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What to Do When Things Go Wrong on a Retreat

Updated: Mar 23, 2023

Imagine you are on a retreat with a number of mostly-strangers in an unfamiliar place and someone –maybe even you –has a catastrophe on that trip. While everyone else is having fun on adventures, or relaxing by the pool, you are in the middle of an end-of-the-world moment for which you need to make split-second decisions completely outside of your comfort zone. Now, imagine that you are the retreat leader making those decisions for your guests who are in the middle of a catastrophe. How does that make you feel?

I can tell you from experience some of the emotions I felt in my gut when things have gone wrong on a yoga retreat: fear, annoyance, regret, disappointment, guilt, astonishment, and self-pity. If I did my job well, though, my guests didn’t see any of that! They saw a confident, self-assured, strong, decisive, and prepared leader.

In all of the courses and seminars I took on how to lead a great yoga retreat, very few mentioned how to handle situations that had gone horribly wrong. But the truth is, any time you lead a group of people anywhere, things go wrong. Have you ever heard the saying, “Expect 10 things to go wrong on your wedding day”? This is like that, but I would edit it to say, “Expect at least one major catastrophe, and several minor inconveniences.” If you don’t expect them, you’ll be caught by surprise and ill-prepared to deal with them.

Here are a few of the major and minor incidents that I’ve had to deal with as a retreat leader:

  • A guest with an injury that may have required hospitalization (it didn’t).

  • Breaking my own foot the night before the retreat began.

  • A guest who was not getting along with her significant other…who was also on the trip.

  • People getting wasted and acting out.

  • A near drowning (on two separate retreats, I kid you not).

  • A robbery.

  • Panic attacks (sometimes my own).

  • The accommodations fell short from what I had promised.

  • Failing to relay the proper information about what to pack or how much money to bring.

Author icing her broken foot in Amorgos, Greece.

How to Prepare for the Unexpected

There are a few ways that you can prepare yourself for problems in advance of your trip. I had to figure this out the hard way, but you can just follow my handy checklist.

𝥷 Require all guests to initial, sign and date a contract with very specific clauses as to all of the things that can go wrong.

𝥷Require all guests to purchase travel insurance before attending your retreat. Make sure they know this is a requirement before accepting any nonrefundable deposits.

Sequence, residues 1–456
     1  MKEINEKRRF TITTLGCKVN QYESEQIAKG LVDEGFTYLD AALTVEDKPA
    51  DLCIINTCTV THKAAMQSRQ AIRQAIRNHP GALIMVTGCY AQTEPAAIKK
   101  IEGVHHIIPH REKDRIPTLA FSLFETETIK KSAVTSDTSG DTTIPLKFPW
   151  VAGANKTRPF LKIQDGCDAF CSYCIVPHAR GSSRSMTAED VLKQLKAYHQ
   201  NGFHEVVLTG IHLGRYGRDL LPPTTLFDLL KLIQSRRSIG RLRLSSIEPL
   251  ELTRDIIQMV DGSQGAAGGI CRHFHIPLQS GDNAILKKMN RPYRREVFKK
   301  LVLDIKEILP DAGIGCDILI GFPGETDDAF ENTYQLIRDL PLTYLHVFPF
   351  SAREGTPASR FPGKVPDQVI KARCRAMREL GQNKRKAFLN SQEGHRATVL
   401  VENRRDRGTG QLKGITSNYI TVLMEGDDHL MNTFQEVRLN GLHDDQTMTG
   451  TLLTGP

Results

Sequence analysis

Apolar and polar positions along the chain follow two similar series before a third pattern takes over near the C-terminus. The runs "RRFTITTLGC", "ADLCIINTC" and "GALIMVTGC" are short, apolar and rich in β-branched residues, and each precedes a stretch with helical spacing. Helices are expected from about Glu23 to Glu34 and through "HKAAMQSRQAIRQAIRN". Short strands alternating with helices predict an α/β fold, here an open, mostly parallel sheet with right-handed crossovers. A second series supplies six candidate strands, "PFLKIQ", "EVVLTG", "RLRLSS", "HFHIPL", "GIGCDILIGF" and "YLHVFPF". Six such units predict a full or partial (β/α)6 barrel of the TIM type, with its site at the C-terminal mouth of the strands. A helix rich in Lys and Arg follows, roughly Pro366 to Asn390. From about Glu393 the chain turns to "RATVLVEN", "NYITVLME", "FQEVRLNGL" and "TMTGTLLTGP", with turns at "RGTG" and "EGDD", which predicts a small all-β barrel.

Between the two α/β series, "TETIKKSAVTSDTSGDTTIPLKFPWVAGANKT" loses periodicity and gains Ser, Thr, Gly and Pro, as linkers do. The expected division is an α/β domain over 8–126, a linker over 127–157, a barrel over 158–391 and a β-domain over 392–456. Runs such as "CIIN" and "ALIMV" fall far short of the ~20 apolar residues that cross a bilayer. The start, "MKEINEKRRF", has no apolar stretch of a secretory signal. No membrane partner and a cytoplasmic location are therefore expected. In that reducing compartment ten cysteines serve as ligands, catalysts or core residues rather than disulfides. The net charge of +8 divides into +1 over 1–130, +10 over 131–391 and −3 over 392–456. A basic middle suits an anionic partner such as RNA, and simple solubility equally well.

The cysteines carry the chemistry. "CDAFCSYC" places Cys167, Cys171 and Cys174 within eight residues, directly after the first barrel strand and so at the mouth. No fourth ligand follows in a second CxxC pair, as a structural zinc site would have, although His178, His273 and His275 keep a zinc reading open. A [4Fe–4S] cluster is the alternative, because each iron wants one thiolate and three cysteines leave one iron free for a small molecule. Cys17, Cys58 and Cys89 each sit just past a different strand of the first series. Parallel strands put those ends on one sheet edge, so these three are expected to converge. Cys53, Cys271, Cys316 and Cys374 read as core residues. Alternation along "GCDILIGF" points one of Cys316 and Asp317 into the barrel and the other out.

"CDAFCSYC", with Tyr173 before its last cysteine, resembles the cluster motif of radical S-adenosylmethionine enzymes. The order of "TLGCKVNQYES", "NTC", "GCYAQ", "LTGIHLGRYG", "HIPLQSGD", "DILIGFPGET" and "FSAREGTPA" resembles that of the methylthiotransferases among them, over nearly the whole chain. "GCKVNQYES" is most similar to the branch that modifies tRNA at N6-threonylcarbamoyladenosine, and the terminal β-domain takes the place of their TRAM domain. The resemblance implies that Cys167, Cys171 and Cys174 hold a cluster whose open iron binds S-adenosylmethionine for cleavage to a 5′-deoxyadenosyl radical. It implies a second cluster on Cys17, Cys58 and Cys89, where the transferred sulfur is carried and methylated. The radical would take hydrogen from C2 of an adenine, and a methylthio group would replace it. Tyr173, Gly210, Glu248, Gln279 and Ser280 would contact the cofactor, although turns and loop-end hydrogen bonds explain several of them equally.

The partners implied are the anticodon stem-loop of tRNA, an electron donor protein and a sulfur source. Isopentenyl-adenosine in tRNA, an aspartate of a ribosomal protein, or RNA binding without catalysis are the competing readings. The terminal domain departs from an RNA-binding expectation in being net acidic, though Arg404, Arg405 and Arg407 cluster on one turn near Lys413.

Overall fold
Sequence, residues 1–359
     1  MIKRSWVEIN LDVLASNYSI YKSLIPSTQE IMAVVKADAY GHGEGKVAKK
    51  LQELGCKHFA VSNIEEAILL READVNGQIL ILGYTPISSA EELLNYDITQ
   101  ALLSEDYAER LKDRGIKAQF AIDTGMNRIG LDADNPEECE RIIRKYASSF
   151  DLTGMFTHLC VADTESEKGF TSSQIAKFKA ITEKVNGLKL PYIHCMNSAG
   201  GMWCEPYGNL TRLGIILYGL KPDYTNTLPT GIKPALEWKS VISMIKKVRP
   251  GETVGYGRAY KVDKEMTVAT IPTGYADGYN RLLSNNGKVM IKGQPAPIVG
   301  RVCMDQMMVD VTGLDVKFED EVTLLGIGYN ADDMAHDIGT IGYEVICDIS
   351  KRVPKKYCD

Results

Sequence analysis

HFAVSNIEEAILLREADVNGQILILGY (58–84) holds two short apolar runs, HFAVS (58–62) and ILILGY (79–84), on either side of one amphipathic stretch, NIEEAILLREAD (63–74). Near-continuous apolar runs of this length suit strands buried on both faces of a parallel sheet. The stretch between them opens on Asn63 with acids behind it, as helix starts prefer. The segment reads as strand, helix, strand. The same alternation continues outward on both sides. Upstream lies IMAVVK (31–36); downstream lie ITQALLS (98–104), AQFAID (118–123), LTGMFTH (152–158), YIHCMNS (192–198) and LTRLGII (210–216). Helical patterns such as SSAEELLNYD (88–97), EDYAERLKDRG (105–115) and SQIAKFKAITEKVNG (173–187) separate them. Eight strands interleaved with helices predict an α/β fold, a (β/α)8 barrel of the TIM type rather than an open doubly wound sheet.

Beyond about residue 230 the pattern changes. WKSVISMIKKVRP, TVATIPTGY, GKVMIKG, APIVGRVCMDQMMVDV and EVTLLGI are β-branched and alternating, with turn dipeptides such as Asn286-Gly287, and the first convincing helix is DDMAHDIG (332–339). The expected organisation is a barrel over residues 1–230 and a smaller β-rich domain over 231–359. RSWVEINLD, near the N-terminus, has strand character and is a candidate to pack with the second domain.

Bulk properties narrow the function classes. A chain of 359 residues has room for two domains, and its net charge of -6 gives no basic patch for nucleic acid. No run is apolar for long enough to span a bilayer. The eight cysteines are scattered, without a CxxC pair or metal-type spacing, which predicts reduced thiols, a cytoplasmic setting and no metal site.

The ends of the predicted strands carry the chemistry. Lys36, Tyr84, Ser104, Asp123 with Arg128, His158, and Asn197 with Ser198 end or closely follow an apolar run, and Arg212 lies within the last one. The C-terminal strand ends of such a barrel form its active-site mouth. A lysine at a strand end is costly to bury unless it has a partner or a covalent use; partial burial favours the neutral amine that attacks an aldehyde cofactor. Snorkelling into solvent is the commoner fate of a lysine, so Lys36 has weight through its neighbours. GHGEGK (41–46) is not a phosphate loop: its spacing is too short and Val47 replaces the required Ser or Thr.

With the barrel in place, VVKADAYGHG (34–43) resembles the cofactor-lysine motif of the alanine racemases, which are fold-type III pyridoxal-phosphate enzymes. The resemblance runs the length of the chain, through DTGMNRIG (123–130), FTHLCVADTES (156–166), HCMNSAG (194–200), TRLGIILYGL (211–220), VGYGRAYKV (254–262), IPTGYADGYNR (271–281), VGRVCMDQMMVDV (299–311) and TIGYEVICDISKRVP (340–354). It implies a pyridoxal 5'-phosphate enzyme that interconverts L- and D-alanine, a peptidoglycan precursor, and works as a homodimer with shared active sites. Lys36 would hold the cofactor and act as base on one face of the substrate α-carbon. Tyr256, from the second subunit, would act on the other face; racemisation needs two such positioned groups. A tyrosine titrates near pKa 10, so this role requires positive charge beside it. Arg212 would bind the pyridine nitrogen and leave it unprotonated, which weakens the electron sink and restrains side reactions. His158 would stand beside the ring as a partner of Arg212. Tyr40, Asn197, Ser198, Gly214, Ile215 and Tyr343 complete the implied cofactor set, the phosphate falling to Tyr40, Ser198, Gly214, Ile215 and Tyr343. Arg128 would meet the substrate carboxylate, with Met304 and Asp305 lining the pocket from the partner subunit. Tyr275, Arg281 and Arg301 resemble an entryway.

𝥷Bring a friend, or choose a guest you trust, or have someone on speed dial back home to help you deal mentally and emotionally with any problems on the retreat. You will need to vent on occasion, and your pillow might not cut it.

I brought my parents on my first retreat!

𝥷Remind yourself that this is a work trip for yourself and a vacation for everyone else, so your good time is secondary to their good time. Always prioritize your guests’ needs before your own.

𝥷Ask a lot of questions of the retreat center. Do not think you are annoying. Ask the same question twice if you have to. Your guests will ask you 100 questions that you won’t know the answers to, so if you can know the answers to a few things, you’ll feel more prepared.

𝥷A week or so before your trip, share safety guidelines with your guests for all things you can imagine could go wrong. One such thing: remind your guests to share a copy of their passport with someone they trust at home.

This is not an exhaustive list, but it is a good start!

How to Respond to the Unexpected

Now, you are on the retreat and everything is going pretty smoothly, so can you rest? Absolutely not. Here are the things you must do on your retreat:

𝥷Stay calm.

𝥷Schedule time in where you can be alone to decompress. You are going to need it.

𝥷When you find out an answer to a question that one person asked you, share the answer with the group as a whole to avoid being asked again and again.

𝥷The bigger your group, the more important it is to count heads on every excursion. Leave no guest behind! My last trip had 18 people and they reminded me to count when I forgot!

𝥷If someone has an emergency, no matter how small, drop everything you are doing and come to their aide.

𝥷Be an advocate for your guests and a liaison with the hotel. Insist on a police report for any criminal activities.

𝥷If someone is traveling alone to your retreat and they know no one (including you), take special care to introduce them to others. Include them and make them feel included.

𝥷If you eat meals as a group, sit next to someone different at each meal. Make each of your guests feel special on your retreat.

I counted everyone every time we got on or off the boat, lest this be a repeat of the movie "Open Water."

What other things can you think of to make your retreat a success? If you have been a guest on a retreat (and you should have been if you are planning your own retreat!), which details made you feel safe and seen and valued on your trip?

If you are thinking about planning a retreat but you have a lot of questions, my Retreat Leader Program might be right for you. Learn more and apply to work with me here:



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